SASHIMI  by Juliet Kono


You call

eating sashimi



I slice pieces

from a slab

of my favourite fish,

abura shibi,

from Kekaulike Market.

Upon a blue plate,

on a bed of shredded daikon

and chiso leaves,

I fashion

thin, red slivers

of raw fish

into a pinwheel.

In the center of this wheel,

I place a dollop

of wasabi mustard,

into a flower cup

cut from a carrot.


I dissolve

the pungent mustard

into the shoyu sauce,

the aroma exciting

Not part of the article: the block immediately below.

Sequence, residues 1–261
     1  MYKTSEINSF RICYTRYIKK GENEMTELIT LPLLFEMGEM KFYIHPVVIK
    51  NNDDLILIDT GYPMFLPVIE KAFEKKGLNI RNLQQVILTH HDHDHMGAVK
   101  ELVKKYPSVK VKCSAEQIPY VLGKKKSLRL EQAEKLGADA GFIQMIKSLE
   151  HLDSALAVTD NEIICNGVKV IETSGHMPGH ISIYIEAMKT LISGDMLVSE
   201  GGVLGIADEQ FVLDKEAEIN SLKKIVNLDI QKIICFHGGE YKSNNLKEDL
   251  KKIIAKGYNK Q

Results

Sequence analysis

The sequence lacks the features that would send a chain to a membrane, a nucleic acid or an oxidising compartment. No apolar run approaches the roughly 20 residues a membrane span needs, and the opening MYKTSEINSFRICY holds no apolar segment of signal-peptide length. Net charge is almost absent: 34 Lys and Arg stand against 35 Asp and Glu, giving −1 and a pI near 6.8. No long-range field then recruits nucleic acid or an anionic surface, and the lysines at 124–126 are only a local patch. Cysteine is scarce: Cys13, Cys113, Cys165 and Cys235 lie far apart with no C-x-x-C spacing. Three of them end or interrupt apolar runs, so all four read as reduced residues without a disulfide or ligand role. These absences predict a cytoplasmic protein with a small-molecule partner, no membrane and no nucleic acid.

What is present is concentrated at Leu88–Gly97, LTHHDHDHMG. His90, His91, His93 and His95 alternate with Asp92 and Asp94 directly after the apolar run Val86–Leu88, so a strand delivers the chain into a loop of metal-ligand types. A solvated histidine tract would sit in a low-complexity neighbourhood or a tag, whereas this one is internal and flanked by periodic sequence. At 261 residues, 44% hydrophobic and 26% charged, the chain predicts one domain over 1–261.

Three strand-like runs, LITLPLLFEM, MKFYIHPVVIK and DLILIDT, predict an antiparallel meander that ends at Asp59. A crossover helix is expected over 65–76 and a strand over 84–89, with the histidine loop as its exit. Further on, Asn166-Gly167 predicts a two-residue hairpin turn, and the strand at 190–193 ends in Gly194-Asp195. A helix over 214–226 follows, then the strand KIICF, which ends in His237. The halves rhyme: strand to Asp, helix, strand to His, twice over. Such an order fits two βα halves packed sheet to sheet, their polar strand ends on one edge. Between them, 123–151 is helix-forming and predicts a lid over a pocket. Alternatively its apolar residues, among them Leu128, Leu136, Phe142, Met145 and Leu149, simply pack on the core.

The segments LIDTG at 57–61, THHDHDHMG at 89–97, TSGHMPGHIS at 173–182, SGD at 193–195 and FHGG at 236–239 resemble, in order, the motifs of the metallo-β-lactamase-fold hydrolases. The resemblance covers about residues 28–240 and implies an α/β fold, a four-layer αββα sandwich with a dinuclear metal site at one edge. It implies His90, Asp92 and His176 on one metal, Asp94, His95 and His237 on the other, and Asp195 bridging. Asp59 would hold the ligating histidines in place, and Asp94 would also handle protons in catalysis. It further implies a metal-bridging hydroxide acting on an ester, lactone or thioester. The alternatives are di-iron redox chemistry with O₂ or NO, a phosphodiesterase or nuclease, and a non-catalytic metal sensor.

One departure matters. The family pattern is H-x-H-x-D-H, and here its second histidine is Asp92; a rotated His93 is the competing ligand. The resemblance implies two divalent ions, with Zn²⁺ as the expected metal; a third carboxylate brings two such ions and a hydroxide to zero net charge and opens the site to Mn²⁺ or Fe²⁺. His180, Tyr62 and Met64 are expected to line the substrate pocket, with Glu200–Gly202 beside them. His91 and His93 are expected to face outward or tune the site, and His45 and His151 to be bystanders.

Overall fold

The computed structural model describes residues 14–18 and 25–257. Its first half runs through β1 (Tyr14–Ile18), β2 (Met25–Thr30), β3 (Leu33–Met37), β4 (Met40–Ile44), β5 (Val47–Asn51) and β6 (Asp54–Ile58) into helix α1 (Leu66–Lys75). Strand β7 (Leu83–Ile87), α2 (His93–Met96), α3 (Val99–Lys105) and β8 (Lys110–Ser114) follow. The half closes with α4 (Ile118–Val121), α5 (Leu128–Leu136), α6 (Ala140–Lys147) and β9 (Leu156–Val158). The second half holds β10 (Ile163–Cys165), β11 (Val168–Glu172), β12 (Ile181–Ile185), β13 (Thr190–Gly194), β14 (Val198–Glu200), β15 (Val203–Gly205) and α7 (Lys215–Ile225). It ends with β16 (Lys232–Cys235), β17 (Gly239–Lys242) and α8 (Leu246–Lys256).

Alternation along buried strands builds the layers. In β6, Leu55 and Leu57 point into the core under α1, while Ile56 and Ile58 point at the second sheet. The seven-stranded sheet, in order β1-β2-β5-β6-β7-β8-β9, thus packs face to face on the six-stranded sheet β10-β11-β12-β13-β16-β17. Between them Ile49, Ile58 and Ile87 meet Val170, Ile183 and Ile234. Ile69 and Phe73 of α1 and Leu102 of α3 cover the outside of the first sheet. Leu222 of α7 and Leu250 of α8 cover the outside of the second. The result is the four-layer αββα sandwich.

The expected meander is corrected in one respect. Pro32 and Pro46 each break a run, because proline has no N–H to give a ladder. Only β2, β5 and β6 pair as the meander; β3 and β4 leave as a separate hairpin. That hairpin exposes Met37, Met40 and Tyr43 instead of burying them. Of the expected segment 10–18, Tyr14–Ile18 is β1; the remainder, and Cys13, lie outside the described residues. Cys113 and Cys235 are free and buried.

my ancestors –

they dance

on my tongue.

I pierce

a slice of fish

with a chopstick,

dip it into the sauce.

I close my eyes.

I let the smooth fish

slide over my teeth,

my tongue,

then swim down

my gullet.

I chase this fish

with a mouthful

of hot rice,

some green tea,

and smack my lips

in ancient noises

of satisfaction.

I take another piece.

Looking up,

I toast you

with this trembling


Soon you will come

to appreciate

the years

behind my palate.

And I am patient

as all love is patient,

for you will learn

as you once learned

with women –

to close your eyes

and take


to mouth.